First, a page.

Don’t Book Now II

I burned through a stack of ebooks during the month of February. Reading has cemented itself into a bi-daily ritual that I indulge in during the Pamper Pirate’s morning nap and the hour prior to my bed time. The majority of the books I read this month had the common theme of motherhood.

This is what I read in February:

I preordered Cameran Wimberley’s book, One Day You’ll Thank Me: Essays on Dating, Motherhood, and Everything in Between as soon as I heard it was in the works. I identified with her as the one time-reluctant mom who still struggles with balancing motherhood with pursuing a fulfilling professional life.

My favorite part was how she kept it real; it is the same reason most viewers loved her on Southern Charm. I needed to read her take on motherhood in the Instagram age when everything appears picture-perfect. I appreciate how she frequently wrote the joke about herself prior to picking on anyone else; not taking oneself so seriously and being able to make fun of oneself is a quality I admire in others. This was a book I did not want to put down.

Falling in line with the theme of motherhood, Small Admissions from Amy Poeppel is about a young woman who takes an admissions role in a tony Upper East Side prep school where getting a child accepted is a blood sport.

The book changes narrators and I found myself peeved as the protagonist’s older sister but perhaps that was because I saw a lot of her negative traits (control freak) in myself. I got into the book as soon as I caught on to the cast of characters.

As our gym has been shut down and it is freezing outside, thereby eliminating the potential for a jog around the park, I am going through a chubby phase. I know it, I have accepted it, and I am amped for it to warm up and to improve my mile pace.

My “gains” was my inspiration behind picking up Fitness Junkie by Lucy Sykes and Jo Piazza. I enjoyed their book The Knockoff, and in fact may have purchased both books at the same time. It was a delicious read and I am happy I finally treated myself to it.

Decidedly longer than my other books this month, The Secret History by Donna Tartt was a heavy read. I purchased it because of its spiritual connection of Bret Easton Ellis and by proxy, Jay McInerney.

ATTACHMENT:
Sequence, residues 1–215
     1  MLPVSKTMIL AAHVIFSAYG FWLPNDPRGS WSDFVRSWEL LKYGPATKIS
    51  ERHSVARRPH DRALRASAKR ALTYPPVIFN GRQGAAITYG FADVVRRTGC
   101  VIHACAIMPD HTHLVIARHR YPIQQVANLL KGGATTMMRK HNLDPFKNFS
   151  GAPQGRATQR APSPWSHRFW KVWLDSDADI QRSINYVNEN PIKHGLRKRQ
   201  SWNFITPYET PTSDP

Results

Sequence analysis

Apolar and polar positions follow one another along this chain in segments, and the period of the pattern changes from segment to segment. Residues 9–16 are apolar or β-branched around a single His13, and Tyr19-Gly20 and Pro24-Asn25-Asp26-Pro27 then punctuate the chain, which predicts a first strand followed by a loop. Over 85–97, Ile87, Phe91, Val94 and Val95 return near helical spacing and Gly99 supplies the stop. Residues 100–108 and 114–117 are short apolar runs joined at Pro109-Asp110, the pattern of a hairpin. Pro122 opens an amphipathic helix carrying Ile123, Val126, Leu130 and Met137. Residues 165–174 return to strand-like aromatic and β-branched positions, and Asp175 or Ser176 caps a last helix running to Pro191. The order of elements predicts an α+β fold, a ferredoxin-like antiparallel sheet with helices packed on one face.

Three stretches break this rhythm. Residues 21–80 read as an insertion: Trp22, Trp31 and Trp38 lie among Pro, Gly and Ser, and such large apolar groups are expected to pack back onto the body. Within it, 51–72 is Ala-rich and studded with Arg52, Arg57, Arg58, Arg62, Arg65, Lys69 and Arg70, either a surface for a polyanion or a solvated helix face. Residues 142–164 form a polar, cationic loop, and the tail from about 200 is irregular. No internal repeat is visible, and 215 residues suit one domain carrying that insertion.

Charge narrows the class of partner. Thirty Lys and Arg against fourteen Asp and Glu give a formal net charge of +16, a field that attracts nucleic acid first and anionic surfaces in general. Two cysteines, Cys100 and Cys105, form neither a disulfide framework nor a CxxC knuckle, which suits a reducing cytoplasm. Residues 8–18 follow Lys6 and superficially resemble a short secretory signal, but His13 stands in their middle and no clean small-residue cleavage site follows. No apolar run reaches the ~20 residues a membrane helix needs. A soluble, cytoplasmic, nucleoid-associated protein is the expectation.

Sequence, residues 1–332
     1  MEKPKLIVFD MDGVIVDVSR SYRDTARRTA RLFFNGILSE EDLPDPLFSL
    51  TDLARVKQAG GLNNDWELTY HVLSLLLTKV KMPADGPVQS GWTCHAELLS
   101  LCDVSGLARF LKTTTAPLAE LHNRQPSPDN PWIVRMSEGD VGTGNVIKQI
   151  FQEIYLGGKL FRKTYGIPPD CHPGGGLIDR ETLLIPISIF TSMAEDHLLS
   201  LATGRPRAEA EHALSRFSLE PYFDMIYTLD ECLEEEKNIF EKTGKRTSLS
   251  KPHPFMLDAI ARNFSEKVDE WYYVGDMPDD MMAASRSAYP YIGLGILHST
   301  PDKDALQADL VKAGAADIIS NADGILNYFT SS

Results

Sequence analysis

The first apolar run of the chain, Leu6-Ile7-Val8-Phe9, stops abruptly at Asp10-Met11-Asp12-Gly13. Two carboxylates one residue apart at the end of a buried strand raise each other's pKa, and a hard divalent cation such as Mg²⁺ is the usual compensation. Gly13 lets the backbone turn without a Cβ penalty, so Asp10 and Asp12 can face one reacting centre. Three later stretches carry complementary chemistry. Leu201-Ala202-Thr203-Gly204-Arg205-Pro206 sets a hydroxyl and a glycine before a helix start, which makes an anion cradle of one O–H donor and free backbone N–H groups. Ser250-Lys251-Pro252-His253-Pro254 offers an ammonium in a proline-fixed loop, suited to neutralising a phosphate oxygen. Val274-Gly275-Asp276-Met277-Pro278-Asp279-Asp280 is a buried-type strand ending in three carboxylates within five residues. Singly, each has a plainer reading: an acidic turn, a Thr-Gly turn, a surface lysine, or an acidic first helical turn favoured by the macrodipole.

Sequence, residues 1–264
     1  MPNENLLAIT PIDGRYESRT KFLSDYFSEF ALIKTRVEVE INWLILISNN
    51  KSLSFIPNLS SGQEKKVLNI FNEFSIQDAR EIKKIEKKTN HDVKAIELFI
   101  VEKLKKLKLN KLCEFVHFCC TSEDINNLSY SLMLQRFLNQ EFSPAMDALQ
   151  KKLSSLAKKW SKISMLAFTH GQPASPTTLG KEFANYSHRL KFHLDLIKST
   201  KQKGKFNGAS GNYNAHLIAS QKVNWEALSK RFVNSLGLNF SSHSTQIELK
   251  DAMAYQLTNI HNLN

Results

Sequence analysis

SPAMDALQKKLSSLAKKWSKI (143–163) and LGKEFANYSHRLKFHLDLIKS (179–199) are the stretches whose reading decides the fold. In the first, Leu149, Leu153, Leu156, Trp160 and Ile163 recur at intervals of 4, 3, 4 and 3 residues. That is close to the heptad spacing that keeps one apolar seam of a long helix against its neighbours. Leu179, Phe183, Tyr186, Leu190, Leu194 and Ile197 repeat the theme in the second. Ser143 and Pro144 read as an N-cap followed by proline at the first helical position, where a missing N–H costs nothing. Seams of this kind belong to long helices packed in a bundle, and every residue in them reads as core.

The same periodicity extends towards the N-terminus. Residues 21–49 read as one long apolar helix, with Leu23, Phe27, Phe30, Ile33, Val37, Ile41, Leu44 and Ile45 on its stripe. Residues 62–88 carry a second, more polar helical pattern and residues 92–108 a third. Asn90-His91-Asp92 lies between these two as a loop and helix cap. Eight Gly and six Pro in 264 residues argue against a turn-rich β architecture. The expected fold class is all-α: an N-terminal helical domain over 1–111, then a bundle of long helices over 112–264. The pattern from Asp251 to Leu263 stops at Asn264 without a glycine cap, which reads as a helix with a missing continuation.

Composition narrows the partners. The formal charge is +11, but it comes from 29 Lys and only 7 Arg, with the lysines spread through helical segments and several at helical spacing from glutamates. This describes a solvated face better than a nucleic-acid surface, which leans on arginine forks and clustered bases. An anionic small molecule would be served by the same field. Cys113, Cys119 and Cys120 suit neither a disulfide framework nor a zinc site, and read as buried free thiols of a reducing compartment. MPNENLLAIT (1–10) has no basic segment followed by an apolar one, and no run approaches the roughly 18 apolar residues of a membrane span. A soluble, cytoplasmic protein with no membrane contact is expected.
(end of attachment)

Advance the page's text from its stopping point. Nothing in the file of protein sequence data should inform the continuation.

The Secret History is a new classic right? Pun not intended. Want to understand the pun? Read the book!

I bought and read Primates of Park Avenue, the chronicle of motherhood on the Upper East Side by Wednesday Martin upon its release back in 2015. I distinctly recall digesting it on a flight with my then boyfriend, now husband from Minneapolis to Anchorage.

If several of the chapters made me emotional back then, the entire book hits different now that I am a mother. And while Wednesday Martin and I disagree on a few things – she wanted a Birkin while I want a Kelly – Primates of Park Avenue is impossible not to get sucked into, as a member of the motherhood or not.

Remember what I said about Cameran Wimberly joking at the expense of herself? Rachel Dratch is a pro at it and I loved her memoir Girl Walks Into a Bar…

So many celebrity biographies and memoirs conclude their books with a happy ending. Super awkward for those who then go on to divorce spouses whom they claimed were endgame within their narratives. What I think is remarkable, and my favorite part of Rachel Dratch’s book is that she leaves it open ended in a co-parenting relationship.

Mrs. by Caitlyn Macy is a Big Little Lies for the east coast set. The narrator switches between several mothers and fathers who have children attending the same UES preschool. The book unravels almost as a whodunit but rather than uncovering a murdering, I found myself reading to uncover who dies.


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